How to Not Get Hit by Cars - By Maureen Gaffney
“Safety” is an elusive word, an elusive concept. Miriam-Webster says “the condition of being safe from undergoing or causing hurt, injury, or loss.” It also explained a “situation in football…” but I don’t know what it was cause I stopped reading as soon as the words ‘foot’ and ‘ball’ were cojoined on the page. It is not possible to be truly safe while still being alive. You can be the most conservative of persons, adorn yourself with bubble wrap, never leave home, order in, (sans the bubble wrap, sounds like 2020…), and still an errant meteor could find you as you watch, say—football. Just ask a dinosaur. Stuff happens.
Assuming a relatively “normal” modern American existence, one that involves work, play, errands, kids and maybe pets, we are out in the world doing things that expose us to hurt, injury or loss. And of course the most dangerous thing the average person does every single day with nary a thought to its inherent danger is driving/riding in a car. And for those of us who cycle or walk city streets, being on the outside of a speeding metal box on wheels is particularly precarious. Over 850 cyclists and more than 6,000 pedestrians were killed by vehicles in 2018. More than six thousand pedestrians.
Information provided on the eternally useful People for Bikes website suggests that cities with high bicycling rates tend to have lower crash rates for all road users (Marshall, W., and N. Garrick, 2011 - Evidence on why bike-friendly cities are safer for all road users, Environmental Practice, 13, 1)
“The analysis included accounting for crashes across all severity levels, as well as for three classes of road users: vehicle occupants, pedestrians, and bicyclists…Overall, cities with a high bicycling rate among the population generally show a much lower risk of fatal crashes for all road users when compared to the other cities in our database. The fact that this pattern of low fatality risk is consistent for all classes of road users strongly suggests that the crashes in cities with a high bicycling rate are occurring at lower speeds.” And lower speeds save lives, not just the lives of the walker and the biker, but the car driver as well.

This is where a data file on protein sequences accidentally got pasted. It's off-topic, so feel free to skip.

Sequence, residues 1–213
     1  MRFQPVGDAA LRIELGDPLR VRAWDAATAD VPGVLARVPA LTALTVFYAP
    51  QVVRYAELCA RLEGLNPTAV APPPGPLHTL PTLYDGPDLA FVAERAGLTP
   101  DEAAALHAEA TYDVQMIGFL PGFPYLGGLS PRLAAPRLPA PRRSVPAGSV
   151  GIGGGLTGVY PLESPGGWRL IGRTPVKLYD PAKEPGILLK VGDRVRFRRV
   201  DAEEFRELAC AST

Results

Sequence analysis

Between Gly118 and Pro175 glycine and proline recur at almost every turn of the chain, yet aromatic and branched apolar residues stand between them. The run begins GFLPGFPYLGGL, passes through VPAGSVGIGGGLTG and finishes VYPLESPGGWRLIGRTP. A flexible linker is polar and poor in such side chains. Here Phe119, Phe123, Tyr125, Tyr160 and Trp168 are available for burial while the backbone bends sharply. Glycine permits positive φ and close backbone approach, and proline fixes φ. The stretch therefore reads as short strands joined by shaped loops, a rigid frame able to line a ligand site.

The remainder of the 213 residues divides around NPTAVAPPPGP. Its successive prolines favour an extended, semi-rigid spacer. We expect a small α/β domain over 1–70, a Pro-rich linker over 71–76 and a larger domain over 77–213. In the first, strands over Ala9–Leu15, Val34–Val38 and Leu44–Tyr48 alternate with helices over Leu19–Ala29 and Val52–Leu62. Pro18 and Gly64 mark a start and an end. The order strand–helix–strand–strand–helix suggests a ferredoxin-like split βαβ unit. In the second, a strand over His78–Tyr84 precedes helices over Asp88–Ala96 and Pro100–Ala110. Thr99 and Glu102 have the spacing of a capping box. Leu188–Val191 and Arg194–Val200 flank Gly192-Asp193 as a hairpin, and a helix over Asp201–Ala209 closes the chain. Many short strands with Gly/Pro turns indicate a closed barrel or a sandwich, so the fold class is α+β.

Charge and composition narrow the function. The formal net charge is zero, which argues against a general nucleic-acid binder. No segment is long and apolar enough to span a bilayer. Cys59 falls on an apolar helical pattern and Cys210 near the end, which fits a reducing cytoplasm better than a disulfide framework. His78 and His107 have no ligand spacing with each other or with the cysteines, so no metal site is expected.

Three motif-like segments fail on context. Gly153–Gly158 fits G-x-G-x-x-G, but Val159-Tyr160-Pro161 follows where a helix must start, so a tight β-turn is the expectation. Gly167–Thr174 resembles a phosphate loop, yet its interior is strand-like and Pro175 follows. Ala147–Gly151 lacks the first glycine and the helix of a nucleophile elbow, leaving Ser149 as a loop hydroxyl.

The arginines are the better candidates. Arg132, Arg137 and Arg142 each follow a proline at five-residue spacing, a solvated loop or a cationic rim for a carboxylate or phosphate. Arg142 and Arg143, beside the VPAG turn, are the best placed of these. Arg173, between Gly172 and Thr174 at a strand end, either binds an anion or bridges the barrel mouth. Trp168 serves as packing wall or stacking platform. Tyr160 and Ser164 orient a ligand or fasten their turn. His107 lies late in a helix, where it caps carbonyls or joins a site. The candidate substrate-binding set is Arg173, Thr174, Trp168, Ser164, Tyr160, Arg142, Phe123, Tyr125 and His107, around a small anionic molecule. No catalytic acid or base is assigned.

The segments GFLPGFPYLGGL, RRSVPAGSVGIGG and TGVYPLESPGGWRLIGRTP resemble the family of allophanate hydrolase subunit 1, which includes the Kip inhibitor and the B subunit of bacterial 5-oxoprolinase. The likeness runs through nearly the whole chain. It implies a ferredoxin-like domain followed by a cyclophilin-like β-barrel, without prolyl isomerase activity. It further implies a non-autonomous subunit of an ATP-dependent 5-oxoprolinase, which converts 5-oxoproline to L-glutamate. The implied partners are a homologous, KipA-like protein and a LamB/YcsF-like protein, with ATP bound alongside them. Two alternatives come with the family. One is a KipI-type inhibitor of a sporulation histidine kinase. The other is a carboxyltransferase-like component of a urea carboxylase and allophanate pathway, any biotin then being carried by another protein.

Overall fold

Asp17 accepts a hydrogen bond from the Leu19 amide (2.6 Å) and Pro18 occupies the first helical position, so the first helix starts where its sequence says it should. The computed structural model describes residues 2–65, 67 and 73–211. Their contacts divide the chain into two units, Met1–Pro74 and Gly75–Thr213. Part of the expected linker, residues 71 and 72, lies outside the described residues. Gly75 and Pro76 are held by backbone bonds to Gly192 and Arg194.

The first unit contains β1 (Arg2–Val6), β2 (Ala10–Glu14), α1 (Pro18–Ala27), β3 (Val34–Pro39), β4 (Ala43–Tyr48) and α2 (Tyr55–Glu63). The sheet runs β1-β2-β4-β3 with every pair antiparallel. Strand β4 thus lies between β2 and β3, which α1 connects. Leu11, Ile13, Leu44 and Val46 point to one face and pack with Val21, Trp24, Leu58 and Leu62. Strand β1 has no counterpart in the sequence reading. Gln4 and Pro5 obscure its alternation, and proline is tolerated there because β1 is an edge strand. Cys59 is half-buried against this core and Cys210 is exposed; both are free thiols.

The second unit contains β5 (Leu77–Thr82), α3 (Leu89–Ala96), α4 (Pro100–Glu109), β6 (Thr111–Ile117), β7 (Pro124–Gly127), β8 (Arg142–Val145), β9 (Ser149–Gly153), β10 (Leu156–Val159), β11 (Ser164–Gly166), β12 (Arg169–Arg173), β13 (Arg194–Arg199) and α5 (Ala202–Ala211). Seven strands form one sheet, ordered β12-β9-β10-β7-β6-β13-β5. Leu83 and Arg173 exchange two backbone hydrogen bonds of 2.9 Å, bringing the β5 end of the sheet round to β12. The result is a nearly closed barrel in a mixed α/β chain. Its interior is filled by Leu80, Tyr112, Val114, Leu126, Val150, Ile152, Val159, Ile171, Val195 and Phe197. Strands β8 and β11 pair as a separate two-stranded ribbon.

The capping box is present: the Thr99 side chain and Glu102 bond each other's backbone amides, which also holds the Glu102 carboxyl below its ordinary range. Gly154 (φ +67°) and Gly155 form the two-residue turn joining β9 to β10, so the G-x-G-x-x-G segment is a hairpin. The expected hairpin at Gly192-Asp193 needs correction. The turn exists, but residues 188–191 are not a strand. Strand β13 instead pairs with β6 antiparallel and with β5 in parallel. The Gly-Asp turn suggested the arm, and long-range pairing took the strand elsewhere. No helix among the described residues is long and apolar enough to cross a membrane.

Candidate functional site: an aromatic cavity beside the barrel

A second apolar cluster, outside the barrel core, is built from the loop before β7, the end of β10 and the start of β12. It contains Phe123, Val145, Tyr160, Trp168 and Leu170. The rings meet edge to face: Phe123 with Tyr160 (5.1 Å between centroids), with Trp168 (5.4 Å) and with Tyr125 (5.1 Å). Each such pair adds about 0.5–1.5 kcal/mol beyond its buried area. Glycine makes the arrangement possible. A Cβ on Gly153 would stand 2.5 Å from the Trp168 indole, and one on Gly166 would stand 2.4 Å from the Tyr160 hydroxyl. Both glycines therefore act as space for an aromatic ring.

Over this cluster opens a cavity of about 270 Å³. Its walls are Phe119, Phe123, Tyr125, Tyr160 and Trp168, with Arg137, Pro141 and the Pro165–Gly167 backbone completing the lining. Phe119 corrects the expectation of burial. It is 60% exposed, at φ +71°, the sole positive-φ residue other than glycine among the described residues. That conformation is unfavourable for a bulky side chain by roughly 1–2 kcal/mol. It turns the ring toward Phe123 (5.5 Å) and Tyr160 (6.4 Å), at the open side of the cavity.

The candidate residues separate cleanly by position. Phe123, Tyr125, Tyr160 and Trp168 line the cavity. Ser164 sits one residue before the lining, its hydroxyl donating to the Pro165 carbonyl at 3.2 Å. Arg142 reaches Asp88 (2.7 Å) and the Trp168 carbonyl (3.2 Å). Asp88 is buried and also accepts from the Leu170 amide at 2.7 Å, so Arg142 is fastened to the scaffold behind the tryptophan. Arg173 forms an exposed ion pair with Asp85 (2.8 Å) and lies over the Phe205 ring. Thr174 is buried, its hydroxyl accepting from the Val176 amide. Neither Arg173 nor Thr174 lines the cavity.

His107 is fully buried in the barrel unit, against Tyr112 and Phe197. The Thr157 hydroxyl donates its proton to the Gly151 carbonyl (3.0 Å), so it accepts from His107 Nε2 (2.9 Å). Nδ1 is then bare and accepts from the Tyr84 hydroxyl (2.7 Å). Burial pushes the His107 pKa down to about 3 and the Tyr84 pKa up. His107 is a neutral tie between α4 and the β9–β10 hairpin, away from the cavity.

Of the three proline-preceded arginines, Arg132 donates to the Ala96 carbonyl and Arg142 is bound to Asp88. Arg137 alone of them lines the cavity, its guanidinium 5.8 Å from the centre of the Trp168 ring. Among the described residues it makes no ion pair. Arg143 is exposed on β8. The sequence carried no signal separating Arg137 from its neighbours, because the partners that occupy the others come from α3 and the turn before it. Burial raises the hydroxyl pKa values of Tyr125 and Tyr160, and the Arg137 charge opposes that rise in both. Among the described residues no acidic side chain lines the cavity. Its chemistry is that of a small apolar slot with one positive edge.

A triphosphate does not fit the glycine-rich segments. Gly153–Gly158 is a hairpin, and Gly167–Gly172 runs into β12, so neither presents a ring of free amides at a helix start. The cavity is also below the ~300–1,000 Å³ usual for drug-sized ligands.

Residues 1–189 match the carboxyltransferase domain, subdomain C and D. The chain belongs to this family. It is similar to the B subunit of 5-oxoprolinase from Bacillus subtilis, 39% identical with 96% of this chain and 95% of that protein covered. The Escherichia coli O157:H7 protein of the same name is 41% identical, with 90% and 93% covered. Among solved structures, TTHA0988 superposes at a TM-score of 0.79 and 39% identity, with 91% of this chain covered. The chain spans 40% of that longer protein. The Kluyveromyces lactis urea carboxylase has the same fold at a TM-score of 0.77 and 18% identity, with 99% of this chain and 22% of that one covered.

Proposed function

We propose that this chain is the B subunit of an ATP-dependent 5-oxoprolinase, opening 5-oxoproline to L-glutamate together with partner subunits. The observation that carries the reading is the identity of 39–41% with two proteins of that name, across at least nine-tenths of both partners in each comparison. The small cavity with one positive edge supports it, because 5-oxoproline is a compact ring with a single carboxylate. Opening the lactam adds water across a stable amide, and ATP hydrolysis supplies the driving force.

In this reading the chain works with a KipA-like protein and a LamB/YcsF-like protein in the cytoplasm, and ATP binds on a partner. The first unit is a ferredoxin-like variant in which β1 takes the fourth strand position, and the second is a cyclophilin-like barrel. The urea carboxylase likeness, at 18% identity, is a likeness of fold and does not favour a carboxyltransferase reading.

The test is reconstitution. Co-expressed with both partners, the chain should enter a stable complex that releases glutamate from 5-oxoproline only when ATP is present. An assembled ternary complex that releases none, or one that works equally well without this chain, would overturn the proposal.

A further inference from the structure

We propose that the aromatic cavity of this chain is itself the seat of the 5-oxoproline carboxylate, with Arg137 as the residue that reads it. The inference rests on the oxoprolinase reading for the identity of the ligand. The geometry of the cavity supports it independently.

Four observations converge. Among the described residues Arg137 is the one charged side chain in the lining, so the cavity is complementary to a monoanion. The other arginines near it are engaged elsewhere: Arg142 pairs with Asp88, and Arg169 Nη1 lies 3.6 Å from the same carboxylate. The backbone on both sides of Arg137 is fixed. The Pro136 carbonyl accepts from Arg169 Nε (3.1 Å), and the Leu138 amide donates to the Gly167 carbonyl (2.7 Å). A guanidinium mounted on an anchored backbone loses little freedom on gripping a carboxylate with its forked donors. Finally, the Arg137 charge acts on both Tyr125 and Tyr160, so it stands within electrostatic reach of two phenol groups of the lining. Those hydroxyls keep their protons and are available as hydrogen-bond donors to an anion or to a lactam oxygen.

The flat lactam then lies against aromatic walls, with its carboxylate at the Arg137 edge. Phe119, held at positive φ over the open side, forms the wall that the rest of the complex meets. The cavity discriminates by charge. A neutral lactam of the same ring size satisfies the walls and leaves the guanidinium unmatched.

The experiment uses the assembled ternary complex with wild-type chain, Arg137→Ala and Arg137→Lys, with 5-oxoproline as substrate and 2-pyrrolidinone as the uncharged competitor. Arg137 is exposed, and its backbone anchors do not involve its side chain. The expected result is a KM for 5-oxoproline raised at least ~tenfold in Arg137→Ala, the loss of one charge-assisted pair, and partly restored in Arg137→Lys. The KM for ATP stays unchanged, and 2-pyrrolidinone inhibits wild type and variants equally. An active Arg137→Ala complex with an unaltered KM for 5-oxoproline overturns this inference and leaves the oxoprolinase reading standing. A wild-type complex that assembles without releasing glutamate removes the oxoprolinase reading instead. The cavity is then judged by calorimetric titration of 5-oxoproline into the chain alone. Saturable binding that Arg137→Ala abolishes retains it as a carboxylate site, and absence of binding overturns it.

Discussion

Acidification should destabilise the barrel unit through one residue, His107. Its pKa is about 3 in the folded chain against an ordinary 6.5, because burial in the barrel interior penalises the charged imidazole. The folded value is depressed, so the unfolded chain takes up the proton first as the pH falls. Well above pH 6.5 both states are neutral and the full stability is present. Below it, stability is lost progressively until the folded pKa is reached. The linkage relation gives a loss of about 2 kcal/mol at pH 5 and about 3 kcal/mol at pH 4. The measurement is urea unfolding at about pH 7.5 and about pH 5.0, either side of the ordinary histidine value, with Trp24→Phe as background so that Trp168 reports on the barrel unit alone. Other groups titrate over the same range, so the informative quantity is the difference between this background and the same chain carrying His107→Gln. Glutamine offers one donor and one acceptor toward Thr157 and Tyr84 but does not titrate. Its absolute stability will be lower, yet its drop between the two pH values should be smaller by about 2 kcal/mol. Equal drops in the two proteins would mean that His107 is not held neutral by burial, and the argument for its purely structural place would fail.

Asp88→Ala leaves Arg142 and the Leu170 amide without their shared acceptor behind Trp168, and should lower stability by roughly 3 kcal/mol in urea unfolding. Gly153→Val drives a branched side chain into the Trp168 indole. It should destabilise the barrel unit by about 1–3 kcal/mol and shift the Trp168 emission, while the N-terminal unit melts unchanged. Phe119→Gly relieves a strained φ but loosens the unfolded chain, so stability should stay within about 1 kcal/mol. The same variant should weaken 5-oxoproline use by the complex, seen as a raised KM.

This and the fact that many cities and towns across the country are now investing heavily in bicycle/pedestrian infrastructure is extremely encouraging as it will surely result in less crashes, injuries and fatalities. However, with the 2018 number of combined deaths at nearly 7,000, even a whopping 20% reduction would still be an alarming and heartbreaking number. The highest possible level of separation between cyclists, pedestrians and cars is the “safest” option, particularly for the biker and the walker. This separation—the type found on the Napa Valley VINE TRAIL—also offers the most pleasant kind of facility, one located away from the noise, fumes and dust of four lanes of traffic.
So while no transportation facility or any amount of meteor deflection technology can make us truly “safe,” a 47-mile trail from Vallejo to Calistoga is a damn fine start. Plus, if you’ve been enjoying some of Napa Valley’s finest offerings, you should probably walk home anyway.